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Zalman's CNPS9500 LED CPU cooler


Delicately cool
— 12:44 AM on October 20, 2005

Manufacturer Zalman
Model CNPS9500 LED
Price (Street)
Availability Now

IT'S RARE THAT WE review CPU coolers at TR, but every so often one comes along that we can't resist. OK, every so often one comes along that I can't resist. It seems I've developed something of a fetish for funky, silent CPU coolers, and although my therapist assures me that there's nothing wrong with lusting after artfully sculpted heat pipes and cooling fins, I do my best to suppress those urges. I'm only human, though, and when we spotted Zalman's new CNPS9500 LED at Computex, I couldn't resist the impulse to procure one for testing.

Zalman has been producing funky CPU coolers for some time, and while some of the company's designs are outlandish to the point of impracticality, the CNPS9500 LED has been designed with broad compatibility in mind. It's also been designed to do more with less, and Zalman claims that the cooler offers better performance with a 92mm fan than solutions equipped with 120mm fans. Does the CNPS9500 LED deliver? Join us as we explore the cooler's exquisite array of heat pipes and cooling fins to find out.


The cooler
I'm not really sure what's art and what isn't, but the CNPS9500 has to come close. The cooler is delicately gorgeous, with 90 (yes, I counted) paper-thin copper fins radiating around a translucent 92mm fan. With these looks, it's almost a shame to bury it inside a case.


Of course, the CNPS9500 has function to back up its form. That function differs slightly from other Zalman coolers, though. Zalman has traditionally mounted CPU cooling fans parallel to the CPU socket, resulting in air flow that's perpendicular to the processor; however, the CNPS9500 turns that design on its ear, mounting the fan perpendicular to the motherboard to provide airflow parallel to the board. This orientation is intended to more effectively vent warm air from around the CPU through a case's rear exhaust port.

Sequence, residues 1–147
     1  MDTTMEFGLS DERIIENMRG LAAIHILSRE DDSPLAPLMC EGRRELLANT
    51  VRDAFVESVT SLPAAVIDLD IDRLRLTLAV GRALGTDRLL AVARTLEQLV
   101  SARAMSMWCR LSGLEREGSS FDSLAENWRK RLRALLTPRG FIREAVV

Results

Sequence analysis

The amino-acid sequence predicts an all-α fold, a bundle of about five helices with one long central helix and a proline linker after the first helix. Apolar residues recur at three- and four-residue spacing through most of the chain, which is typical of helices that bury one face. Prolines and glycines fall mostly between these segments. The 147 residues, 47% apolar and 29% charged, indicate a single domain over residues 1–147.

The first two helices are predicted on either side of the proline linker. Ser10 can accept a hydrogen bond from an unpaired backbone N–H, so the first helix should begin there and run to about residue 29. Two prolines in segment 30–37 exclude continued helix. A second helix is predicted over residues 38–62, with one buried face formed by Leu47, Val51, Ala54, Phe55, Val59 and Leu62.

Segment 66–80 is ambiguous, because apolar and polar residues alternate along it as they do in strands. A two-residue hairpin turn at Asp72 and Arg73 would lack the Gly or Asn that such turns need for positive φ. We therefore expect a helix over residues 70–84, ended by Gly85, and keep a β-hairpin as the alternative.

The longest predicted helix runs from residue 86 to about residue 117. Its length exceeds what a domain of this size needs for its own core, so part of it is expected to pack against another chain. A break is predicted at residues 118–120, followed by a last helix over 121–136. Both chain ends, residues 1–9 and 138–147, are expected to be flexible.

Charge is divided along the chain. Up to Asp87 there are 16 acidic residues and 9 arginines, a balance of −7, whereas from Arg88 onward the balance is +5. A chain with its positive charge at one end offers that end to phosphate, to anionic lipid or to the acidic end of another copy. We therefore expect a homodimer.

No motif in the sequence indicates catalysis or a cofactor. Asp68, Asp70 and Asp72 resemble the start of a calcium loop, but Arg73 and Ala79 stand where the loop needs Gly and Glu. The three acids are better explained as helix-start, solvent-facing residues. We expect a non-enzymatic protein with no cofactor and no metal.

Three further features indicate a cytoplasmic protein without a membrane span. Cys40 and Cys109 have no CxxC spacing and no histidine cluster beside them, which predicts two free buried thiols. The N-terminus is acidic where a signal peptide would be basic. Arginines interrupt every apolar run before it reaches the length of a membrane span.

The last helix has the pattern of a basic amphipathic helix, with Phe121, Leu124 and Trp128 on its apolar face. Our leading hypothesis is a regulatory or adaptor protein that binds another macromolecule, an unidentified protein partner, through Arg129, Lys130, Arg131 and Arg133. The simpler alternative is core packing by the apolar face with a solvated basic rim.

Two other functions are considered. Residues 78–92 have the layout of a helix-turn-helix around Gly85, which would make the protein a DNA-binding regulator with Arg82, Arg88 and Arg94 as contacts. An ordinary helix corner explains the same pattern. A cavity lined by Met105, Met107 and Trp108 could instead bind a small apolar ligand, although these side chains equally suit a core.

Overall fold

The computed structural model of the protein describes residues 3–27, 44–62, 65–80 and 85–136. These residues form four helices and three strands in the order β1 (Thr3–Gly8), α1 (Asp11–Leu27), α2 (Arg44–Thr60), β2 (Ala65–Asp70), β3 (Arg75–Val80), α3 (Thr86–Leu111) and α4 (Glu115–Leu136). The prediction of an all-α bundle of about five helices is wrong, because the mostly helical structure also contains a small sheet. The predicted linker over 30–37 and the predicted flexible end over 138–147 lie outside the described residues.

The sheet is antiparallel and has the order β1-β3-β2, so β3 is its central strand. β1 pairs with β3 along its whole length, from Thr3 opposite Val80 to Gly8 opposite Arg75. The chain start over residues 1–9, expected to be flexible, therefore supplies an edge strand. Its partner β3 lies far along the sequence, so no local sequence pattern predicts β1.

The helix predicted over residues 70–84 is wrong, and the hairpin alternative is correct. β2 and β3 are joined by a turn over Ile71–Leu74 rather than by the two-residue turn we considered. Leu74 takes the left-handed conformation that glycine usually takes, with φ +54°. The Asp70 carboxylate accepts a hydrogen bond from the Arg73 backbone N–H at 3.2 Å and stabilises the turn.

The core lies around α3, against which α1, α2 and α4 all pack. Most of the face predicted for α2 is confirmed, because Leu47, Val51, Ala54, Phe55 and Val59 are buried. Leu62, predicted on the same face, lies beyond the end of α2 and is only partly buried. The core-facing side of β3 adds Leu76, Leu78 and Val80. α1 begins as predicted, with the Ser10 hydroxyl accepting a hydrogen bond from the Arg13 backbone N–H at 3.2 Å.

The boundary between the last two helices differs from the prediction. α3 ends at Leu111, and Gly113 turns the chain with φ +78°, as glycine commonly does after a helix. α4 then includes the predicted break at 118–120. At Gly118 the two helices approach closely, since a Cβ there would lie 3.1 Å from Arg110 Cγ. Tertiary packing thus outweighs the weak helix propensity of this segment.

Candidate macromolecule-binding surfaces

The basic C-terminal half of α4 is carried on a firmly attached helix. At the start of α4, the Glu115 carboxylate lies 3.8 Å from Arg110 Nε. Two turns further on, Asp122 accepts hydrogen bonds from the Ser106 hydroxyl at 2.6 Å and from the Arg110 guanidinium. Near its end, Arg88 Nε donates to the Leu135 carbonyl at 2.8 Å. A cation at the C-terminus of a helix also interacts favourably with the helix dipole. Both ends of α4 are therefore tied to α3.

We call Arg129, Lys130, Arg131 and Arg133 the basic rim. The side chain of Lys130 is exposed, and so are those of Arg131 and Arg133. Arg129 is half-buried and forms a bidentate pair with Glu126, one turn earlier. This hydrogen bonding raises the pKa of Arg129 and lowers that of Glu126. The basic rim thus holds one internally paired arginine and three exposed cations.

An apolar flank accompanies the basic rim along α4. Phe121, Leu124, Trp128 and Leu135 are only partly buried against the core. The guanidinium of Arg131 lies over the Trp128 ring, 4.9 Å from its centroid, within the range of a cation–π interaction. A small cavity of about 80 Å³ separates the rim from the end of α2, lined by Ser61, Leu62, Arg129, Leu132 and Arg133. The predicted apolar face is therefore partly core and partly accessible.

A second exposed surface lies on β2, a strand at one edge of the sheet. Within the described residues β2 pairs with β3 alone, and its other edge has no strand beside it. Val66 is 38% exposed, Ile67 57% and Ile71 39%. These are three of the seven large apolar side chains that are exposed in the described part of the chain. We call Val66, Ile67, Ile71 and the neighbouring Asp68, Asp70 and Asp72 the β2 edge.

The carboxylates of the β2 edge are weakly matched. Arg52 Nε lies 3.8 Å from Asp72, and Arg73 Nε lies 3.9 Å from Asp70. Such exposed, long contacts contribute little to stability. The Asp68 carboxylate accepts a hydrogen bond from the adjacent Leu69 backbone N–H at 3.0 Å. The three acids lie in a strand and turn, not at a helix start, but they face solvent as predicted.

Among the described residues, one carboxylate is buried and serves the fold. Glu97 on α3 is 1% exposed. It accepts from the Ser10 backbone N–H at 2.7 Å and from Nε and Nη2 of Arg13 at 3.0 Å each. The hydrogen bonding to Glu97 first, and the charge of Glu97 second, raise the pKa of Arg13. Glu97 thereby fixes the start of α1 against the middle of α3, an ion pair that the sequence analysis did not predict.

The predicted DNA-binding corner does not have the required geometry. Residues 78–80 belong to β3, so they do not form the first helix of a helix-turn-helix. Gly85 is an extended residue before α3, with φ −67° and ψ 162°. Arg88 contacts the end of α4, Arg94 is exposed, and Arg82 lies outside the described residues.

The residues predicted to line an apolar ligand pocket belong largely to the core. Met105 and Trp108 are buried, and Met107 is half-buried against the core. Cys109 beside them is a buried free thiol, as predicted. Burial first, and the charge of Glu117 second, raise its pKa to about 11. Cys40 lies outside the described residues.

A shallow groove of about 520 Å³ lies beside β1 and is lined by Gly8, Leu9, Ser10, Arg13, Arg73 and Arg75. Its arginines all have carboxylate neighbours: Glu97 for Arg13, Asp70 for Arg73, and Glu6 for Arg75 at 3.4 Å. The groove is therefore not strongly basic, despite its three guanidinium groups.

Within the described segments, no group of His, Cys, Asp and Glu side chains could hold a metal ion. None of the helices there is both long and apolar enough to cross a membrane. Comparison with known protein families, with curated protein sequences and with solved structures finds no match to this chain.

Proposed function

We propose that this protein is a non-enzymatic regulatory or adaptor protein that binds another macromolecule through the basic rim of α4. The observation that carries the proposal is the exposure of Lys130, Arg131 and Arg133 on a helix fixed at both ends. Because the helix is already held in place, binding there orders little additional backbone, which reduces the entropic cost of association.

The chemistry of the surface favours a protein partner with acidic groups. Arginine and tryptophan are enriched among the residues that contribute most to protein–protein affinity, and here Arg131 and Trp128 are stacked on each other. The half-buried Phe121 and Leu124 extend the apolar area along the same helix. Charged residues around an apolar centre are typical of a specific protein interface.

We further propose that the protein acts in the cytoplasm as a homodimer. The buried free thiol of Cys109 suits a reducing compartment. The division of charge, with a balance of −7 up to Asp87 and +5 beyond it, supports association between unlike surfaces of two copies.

To best exploit a case's rear exhaust port, Zalman suggests orienting the CNPS9500 with its fanless side toward the back of the case. That allows the fan to push air from inside the system over the array of cooling fins and out of the case.

While we're looking at the CNPS9500 from behind, note that its fins radiate from a series of heat pipes that loop up from the cooler's base in a figure eight. There are three heat pipes in total, and each is independent of the others. Each pipe is linear, so it doesn't loop back into itself at the base of the cooler.


The CNPS9500's trio of heat pipes converges in a surprisingly minimal copper base. Zalman does a decent job of polishing the base to remove imperfections that might otherwise impede heat transfer between the cooler and the CPU, but the finish isn't as mirror-perfect as we've seen on other coolers, including some of Zalman's own. Still, the base is smooth and scratch-free, and Zalman provides thermal compound with the cooler to fill any micro-grooves.